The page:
The Deadly World of Falsified and Substandard Medicine
October 24, 2012
More deaths are caused by dangerous therapeutic medicines than narcotics. Lazy manufacturers and counterfeiters pump the market full of medicine that can kill people, says Roger Bate, a resident scholar at the American Enterprise Institute.
- Before Syria's civil war, Damascus was home to counterfeit drug operations worth tens of millions of dollars.
- Since then, many of those counterfeiters have moved to Iraq or Iran to continue making around 80 brands of fake drugs.
- Nearly 100,000 deaths per year can be attributed to bad medicines.
- Furthermore, 10 percent of all essential drugs fail basic quality tests.
Attributing the cause of death to a fake drug proves to be a difficult task. Take for instance Plavix, a widely used heart medication. If someone were to take counterfeit Plavix and die, the death would be attributed to the ill health of the patient, not the medicine.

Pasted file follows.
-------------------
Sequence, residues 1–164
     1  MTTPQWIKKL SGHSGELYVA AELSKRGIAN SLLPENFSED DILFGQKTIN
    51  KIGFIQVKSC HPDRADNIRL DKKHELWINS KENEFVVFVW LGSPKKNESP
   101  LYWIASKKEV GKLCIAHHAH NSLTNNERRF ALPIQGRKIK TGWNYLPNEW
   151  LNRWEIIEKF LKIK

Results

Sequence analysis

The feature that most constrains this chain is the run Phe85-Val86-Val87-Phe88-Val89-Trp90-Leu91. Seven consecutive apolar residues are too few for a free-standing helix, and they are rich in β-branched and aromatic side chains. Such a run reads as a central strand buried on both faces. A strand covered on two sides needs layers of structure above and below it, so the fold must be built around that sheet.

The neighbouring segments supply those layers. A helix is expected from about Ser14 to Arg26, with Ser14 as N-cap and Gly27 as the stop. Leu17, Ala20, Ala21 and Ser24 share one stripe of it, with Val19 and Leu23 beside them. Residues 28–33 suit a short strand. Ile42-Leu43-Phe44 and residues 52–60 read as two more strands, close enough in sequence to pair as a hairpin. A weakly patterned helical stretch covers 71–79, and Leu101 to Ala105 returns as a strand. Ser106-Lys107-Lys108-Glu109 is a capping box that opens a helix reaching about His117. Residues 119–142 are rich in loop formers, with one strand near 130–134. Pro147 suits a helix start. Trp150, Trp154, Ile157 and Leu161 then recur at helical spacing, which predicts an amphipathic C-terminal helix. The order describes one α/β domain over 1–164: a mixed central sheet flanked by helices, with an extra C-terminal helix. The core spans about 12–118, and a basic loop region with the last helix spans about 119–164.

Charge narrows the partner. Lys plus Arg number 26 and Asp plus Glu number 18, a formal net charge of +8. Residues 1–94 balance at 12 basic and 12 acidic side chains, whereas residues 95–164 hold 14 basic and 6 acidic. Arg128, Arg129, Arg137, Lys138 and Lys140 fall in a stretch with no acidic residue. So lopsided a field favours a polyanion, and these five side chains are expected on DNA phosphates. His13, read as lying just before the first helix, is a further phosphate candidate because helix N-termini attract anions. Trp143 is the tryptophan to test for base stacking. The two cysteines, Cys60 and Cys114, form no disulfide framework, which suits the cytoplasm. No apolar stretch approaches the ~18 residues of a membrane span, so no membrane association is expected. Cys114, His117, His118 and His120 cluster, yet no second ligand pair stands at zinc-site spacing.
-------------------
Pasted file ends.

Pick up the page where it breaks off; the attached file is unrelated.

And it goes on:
Producers of substandard medicine have also become an increasing problem for established drugmakers. Nothing about these operations is illegal; these companies pay taxes and create jobs. Emerging drug markets in India and China are at the forefront of many drug categories, notably anti-infectives.
These companies benefit from being able to cut corners and deal with lax regulations. In many cases, regulators don't have the resources to conduct thorough inspections of production plants or products on the market. Furthermore, these companies offer better prices, which drives competitors out of the market.
Governments can't work alone in trying to stop entire networks working globally to inject counterfeits and substandard medicines into the market. Instead, international treaties need to be established or international laws strengthened to help crackdown on these cases. But more importantly, regulators and customers need to demand better quality products.
Source: Roger Bate, "The Deadly World of Falsified and Substandard Medicine," American Enterprise Institute, October 16, 2012.
Browse more articles on Health Issues